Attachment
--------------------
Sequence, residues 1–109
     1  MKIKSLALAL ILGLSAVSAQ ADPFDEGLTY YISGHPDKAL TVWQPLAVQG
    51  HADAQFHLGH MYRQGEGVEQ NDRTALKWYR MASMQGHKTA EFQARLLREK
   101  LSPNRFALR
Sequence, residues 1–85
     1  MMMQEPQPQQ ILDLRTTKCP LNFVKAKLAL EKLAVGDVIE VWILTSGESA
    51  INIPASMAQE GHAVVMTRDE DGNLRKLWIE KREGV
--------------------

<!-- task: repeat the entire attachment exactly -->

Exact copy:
Sequence, residues 1–109
     1  MKIKSLALAL ILGLSAVSAQ ADPFDEGLTY YISGHPDKAL TVWQPLAVQG
    51  HADAQFHLGH MYRQGEGVEQ NDRTALKWYR MASMQGHKTA EFQARLLREK
   101  LSPNRFALR
Sequence, residues 1–85
     1  MMMQEPQPQQ ILDLRTTKCP LNFVKAKLAL EKLAVGDVIE VWILTSGESA
    51  INIPASMAQE GHAVVMTRDE DGNLRKLWIE KREGV